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Hitler and Stalin: Twin Tyrants (1999)



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Credited cast:
Kira Alliluyeva ...
John Barber ...
Himself (as Dr. John Barber)
Denys Blakeway ...
Yun Brodsky ...
Brigitte Hamann ...
Egon Hanfstaengl ...
Wolfgang Rüdiger Hess ...
Himself (as Wolf Rudiger Hess)
Himself (archive footage)
Vladimir Kuibyshev ...
Kote Makharadze ...
Rochus Misch ...
Richard Overy ...
Himself (as Professor Richard Overy)
Robert Service ...
Reinhard Spitzy ...
Himself (archive footage)


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1999 (UK)  »

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Two Eight Balls
21 February 2016 | by (Deming, New Mexico, USA) – See all my reviews

This is a sober historical comparison of two giants of the 20th century, detailing the similarities between them.

There is some unexpected footage of people "from all parts of the Soviet Union" visiting the house in which Stalin grew up. His father evidently beat hell out of Josef Dugashvili and someone opines that this turned him against all authority. The modest house has been turned into a museum in Georgia, where he is still considered a hero despite his treatment of the Ukraine.

There is some equally unfamiliar footage of Adolf Hitler visited his childhood home in Austria and the grave of the mother he adored. He declared the date of her death to be dedicated to all German mothers. It's curious to see a cheerful Hitler hugging the little children during his visit. Too bad the both of them didn't become family and marriage counselors.

Not that Stalin and Hitler were Tweedledum and Tweedledee. Stalin's father wanted him to become a priest and sent him to a seminary. Hitler's father wanted him to become a civil servant but Hitler lived the poor Bohemian life of a romantic painter on a small stipend sent by his mother. Hitler's painting was no worse than his contemporaries'. You can Google them.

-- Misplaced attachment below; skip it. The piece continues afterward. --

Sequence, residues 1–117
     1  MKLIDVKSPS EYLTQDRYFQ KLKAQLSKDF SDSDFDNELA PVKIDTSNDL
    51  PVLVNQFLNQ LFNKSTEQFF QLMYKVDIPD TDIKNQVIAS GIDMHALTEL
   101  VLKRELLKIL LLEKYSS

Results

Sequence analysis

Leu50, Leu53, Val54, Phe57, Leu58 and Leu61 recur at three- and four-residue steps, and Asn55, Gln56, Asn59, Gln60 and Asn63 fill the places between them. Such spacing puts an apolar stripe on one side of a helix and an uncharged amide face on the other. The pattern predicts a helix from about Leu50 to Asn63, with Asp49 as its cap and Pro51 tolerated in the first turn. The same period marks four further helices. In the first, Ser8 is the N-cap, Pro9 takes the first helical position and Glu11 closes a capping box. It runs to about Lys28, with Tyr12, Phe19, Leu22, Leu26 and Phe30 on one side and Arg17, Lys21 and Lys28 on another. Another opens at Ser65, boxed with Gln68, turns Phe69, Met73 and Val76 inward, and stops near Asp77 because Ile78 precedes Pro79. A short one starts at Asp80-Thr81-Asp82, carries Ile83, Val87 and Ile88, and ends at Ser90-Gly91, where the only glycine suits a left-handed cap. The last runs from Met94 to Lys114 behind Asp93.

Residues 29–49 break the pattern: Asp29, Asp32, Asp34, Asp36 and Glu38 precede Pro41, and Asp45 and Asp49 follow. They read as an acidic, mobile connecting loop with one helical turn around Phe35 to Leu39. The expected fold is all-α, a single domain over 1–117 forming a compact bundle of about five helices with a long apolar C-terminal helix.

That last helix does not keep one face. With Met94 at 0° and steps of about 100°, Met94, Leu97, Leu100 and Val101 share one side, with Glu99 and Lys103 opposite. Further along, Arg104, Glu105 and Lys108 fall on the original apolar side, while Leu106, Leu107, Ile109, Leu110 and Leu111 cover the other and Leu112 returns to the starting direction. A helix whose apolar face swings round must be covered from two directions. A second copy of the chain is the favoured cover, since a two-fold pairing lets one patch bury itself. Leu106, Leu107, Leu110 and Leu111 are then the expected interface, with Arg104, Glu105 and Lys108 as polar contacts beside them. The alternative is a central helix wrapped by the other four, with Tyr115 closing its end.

The comparison is comprehensive in that it covers differences as well as similarities. If Hitler came to power through oratory, Stalin achieved his leadership position by manipulation and by eliminating rivals like Trotsky. Hitler was a vegan, a teetotaler, and an ardent non-smoke, while Stalin was a robust omnivore, smoked, and could on occasion be seen drunk.

But once in power, both quickly established prison camps -- Concentration Camps for Hitler, the gulag for Stalin -- surrounded by barbed wire fences, walls, and guard towers. Millions died there in both countries. Among the curious similarities: Stalin abused his wife in public and she shot herself through the heart. Hitler's first crush was his niece, Geli, and when Hitler ordered her not to see any other men, she shot herself through the heart.

During the war Hitler grew paranoid with reason. His general staff, by and large, despised him. They tried to kill him forty-three times. Stalin simply grew paranoid and had every suspect killed. The film doesn't mention it but when the British invited some Russians to visit and watch jet engines being made, Stalin had them wear gum-soled shoes to pick up the shavings, figuring that the Brits would lie to him. And he had spies spying on the spies.

The splenetic Hitler is the more representative image of evil, partly because he initiated a large-scale program of genocide, which Stalin never did. But both tyrants were gigantic historical figures and both were more ruthless than we should ever hope to see again. Said Stalin, "One death is a tragedy. A million deaths is a statistic." And for Hiter, "Conscience is a Jewish invention."

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